We visited the Place Saint-Thomas where the Eglise Luthérienne Saint Thomas is located. The church is a historical building in Strasbourg and it is the main Lutheran church of the city since the Cathedral became Catholic again after the annexation of the town by France in 1681. The church is internationally renowned for its historic and musically-significant organs. Most notable is the 1741 Silbermann organ, played by Wolfgang Amadeus Mozart. The French organist Louis Thiry also recorded the Art of fugue by Johann Sebastian Bach on this organ.

After our walking tour on Saturday, we all sat down for a traditional Alsatian meal at a restaurant near the Cathedral. The most traditional dish of the area seems to be the tarte flambée, which is bread dough rolled out very thin in the shape of a rectangle or circle, which is covered with fromage blanc or crème fraîche, thinly sliced onions and bacon. It’s a little like the region’s take on pizza and is incredible.

On Sunday we continued with our second French lesson at the Château. Our teacher is quite eccentric and speaks to us only in French, but I think the few hours we spent with her were helpful. I’m going to try to pick up a couple of copies of classic English books translated to French (ie Harry Potter) so that I can work on expanding my vocabulary a little.

Classes start this upcoming week, and I’m looking forward to having a weekly routine. I’ll be going to Slovenia next weekend with a trip through the University, which should be incredible, and a trip to Munich and Salzburg for the last weekend of January is in the works. I feel like I have an obligation to travel everywhere, since so many beautiful countries and cities are a short bus ride away, and the rates are fantastic. Luckily I think everyone on the program is on the same page, we all want to get as much out of this semester as possible.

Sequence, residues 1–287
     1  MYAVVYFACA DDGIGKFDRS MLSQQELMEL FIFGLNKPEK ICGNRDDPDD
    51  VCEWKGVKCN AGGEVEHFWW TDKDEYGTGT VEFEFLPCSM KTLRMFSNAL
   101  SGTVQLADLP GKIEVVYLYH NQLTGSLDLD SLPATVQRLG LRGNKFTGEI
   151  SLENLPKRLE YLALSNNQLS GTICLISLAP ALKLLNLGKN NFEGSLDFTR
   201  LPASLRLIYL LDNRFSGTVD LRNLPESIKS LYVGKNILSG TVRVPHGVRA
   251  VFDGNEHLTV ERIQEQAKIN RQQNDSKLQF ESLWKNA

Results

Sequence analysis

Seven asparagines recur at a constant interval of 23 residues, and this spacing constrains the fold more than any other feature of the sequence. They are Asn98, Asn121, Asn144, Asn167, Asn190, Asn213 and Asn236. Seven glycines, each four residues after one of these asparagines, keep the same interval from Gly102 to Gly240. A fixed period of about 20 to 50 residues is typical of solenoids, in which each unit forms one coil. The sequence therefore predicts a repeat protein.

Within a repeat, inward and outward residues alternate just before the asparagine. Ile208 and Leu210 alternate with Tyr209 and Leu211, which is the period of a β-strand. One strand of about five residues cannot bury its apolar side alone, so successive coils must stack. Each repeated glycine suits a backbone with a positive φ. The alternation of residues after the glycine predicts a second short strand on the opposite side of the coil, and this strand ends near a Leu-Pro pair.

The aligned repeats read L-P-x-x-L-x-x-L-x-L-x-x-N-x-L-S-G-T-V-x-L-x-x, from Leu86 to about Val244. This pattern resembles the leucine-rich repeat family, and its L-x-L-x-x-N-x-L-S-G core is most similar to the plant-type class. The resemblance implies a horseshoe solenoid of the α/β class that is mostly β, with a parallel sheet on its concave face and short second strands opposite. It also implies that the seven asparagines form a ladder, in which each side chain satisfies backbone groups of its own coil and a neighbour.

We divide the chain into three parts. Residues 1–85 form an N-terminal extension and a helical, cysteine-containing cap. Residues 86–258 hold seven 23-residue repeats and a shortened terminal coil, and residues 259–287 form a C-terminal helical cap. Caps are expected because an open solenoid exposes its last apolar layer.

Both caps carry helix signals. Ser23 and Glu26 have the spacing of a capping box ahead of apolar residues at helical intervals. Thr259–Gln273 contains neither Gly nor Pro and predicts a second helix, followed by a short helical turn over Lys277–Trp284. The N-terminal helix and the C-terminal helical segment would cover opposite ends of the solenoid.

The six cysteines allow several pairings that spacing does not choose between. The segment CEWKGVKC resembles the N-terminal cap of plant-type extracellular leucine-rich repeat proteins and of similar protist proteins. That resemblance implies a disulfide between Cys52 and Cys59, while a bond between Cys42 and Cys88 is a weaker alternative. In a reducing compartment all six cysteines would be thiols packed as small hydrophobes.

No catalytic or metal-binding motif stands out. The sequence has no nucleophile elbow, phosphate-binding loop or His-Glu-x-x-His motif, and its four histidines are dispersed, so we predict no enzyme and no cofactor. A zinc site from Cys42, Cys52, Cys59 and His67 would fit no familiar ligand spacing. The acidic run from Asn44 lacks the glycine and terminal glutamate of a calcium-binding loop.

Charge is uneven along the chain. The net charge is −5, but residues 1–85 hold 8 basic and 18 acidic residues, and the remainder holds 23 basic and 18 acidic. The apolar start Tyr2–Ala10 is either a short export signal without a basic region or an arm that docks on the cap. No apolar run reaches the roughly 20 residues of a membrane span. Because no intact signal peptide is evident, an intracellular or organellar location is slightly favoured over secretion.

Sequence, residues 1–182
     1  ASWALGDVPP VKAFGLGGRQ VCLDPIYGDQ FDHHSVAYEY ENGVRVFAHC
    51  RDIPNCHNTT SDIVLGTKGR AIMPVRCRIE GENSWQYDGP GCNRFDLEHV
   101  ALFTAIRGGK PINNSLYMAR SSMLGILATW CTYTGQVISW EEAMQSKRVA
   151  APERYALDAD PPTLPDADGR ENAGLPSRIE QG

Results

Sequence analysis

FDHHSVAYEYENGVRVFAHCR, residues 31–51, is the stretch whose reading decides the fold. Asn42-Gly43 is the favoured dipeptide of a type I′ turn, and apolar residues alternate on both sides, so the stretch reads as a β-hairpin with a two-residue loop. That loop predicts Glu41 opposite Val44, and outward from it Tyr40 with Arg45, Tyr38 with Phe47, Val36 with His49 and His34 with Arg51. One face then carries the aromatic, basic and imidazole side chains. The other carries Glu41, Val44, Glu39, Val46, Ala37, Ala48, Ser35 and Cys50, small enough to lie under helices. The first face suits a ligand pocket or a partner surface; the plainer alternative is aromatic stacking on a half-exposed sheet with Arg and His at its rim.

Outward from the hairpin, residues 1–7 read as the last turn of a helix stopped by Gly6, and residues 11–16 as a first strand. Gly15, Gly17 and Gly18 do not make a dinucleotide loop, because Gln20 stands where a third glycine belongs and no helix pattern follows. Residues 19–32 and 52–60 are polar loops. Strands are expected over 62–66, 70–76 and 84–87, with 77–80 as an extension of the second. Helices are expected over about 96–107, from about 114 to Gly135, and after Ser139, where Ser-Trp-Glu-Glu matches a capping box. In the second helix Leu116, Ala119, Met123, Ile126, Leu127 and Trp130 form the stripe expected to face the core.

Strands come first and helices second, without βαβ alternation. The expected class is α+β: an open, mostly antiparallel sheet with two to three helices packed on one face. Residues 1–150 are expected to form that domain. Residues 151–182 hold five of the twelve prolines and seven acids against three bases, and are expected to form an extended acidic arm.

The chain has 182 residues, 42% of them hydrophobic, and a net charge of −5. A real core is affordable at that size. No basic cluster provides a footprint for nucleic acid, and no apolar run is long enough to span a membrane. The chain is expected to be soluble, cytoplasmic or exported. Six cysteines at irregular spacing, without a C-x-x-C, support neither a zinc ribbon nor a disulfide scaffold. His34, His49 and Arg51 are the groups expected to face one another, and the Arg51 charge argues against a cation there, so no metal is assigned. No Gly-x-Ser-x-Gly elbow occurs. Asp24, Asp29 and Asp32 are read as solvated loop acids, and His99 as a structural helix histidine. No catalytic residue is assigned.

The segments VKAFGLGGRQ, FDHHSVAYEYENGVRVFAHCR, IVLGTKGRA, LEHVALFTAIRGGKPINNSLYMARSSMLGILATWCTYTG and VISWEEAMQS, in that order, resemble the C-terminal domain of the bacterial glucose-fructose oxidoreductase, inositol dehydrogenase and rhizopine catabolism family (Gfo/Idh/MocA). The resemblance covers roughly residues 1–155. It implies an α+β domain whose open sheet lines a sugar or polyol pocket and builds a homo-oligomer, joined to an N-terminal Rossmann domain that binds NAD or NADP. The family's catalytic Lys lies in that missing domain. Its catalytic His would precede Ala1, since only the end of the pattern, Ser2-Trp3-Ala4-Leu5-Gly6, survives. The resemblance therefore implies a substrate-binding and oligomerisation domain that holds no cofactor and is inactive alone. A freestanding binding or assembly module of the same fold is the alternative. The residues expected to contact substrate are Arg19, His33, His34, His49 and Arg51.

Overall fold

Well, with that I’m off to shop the sales in town. Apparently nearly every shop in the entire city has sales the first few weeks of January to get rid of their winter collection and make room for spring. Works for me. I’ll have to pick up some school supplies and a big bag because apparently the French don’t wear backpacks to class. Too trendy. Not like I don’t already stick out like a sore thumb… (although a hostess at a café did ask if I was German, so perhaps I’m assimilating more quickly than I anticipated).

A la semaine prochaine!